Guest Author: Sarah Abernathy
-Does your shop have an airbrush laying around, begging to be dusted off?
– Do you have an upcoming project that requires precision and clarity beyond the capabilities of fitches?
– Just looking for a fun new hobby? Don’t fear the airbrush!
With a little practice, you can produce wonderful detail and depth, in a short amount of time!
Before we get to our 5 tips, we must first must choose our weapon!
There are many models and brands on the market, but most will fall under one of two categories: single-action or double-action (or how the trigger works).
The trigger only moves up and down, which opens up the air flow, pushing paint forward at the same time. These airbrushes are useful for larger area coverage in hobby, craft, stencil, and mural applications.With a very careful finger, you can get a slight variety of air pressure this way, but I would recommend against depending on that for your air control; that should come from the air compressor and, if you have one, the airflow adjustment valve on your coupler. In short, the single-action airbrush trigger lets you release paint or not release paint. To adjust how much paint is being released, you must adjust the cone-shaped tip of the gun, or change the nozzle, which widens or narrows the space around the needle within. This allows more or less paint to flow through when the air pushes it out, but you’ll have to stop in the middle of your paint job to do it.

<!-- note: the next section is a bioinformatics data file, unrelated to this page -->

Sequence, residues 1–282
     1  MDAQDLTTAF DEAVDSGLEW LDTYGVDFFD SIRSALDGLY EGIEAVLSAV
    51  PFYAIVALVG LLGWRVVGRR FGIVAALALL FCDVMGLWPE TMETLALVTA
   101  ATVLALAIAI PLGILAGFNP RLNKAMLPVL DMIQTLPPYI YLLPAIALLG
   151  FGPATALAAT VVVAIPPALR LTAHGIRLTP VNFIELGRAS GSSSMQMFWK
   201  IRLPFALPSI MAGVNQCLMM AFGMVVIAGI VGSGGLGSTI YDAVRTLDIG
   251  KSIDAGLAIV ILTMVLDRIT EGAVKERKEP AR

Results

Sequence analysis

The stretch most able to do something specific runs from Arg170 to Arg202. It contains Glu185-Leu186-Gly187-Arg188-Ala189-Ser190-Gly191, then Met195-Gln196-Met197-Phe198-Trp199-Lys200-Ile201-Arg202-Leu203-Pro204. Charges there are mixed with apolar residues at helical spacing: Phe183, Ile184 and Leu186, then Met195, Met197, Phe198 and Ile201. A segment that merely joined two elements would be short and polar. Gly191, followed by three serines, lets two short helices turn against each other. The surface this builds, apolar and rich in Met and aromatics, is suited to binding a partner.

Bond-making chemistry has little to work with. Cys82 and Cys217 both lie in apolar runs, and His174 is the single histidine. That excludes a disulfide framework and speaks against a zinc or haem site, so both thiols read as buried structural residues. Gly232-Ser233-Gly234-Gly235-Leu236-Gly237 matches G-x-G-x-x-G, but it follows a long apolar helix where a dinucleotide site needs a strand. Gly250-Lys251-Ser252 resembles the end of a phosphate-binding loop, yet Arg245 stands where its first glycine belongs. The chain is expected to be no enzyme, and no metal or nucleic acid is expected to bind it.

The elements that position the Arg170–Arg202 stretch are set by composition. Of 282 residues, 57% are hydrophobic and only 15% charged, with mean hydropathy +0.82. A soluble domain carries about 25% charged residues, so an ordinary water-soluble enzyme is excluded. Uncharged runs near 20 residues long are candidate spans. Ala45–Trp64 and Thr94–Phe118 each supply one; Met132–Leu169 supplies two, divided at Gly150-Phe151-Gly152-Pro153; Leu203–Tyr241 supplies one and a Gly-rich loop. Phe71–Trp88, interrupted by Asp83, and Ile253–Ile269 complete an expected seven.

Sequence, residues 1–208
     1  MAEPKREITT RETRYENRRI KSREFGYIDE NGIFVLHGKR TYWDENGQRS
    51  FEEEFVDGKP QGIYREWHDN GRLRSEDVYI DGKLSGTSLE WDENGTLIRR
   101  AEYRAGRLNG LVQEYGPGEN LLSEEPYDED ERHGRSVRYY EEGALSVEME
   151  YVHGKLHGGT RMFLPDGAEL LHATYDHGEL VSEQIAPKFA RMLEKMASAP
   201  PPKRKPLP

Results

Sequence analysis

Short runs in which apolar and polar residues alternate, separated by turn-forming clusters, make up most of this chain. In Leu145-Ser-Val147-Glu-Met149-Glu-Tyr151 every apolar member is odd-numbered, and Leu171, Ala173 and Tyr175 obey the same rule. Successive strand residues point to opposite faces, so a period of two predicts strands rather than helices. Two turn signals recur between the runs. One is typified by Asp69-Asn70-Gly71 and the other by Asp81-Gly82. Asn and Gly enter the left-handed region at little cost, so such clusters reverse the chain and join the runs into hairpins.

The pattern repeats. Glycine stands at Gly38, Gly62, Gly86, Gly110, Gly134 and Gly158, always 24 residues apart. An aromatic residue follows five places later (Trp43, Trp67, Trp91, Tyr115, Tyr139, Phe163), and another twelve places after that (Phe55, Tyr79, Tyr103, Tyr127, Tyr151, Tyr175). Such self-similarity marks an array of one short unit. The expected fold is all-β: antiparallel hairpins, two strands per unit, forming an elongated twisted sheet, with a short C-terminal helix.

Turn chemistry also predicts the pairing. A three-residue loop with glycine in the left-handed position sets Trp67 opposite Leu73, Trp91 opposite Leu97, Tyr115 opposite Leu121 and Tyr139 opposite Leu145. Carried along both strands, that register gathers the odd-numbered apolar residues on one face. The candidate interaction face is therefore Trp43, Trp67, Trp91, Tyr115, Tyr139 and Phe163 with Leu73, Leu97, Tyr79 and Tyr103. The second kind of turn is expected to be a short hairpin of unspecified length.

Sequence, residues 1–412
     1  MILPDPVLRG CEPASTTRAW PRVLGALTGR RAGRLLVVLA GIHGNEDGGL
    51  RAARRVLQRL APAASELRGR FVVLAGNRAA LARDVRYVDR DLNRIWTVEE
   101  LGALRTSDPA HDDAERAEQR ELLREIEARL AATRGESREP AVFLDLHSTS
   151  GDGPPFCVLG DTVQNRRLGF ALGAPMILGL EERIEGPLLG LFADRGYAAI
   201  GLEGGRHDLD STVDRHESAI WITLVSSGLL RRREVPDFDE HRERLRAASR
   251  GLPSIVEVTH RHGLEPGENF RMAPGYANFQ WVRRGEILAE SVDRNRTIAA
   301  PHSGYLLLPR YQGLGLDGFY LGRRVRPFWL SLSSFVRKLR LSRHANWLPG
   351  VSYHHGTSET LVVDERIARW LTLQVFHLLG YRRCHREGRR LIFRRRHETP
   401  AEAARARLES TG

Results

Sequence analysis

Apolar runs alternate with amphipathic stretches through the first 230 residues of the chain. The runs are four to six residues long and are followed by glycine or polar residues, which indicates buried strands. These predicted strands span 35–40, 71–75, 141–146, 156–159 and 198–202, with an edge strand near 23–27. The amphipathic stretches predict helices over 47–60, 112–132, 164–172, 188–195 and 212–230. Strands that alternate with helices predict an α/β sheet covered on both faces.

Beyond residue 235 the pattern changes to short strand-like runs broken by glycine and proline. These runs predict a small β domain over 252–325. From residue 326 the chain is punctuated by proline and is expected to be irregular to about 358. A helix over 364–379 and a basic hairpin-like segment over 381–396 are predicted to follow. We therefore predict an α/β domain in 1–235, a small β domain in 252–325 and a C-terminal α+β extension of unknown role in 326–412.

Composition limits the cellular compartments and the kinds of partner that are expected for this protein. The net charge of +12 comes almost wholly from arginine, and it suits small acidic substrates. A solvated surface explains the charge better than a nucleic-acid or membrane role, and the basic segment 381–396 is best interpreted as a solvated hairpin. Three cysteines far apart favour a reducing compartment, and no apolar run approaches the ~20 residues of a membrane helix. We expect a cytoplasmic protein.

The trigger moves up and down, as well as forward and backward. The trigger starts in a forward position. Pushing down on it starts the air flow, and as you pull the trigger backward, the needle inside the cone tip also pulls backward, allowing more and more paint to release, for a more instant control of the flow.
Double-action airbrushes are praised for creating subtle, intricate effects that can’t quite be reached with a single-action. However, the sensitivity of the trigger takes a lot of practice to perfect, which might make single-actions better for beginners.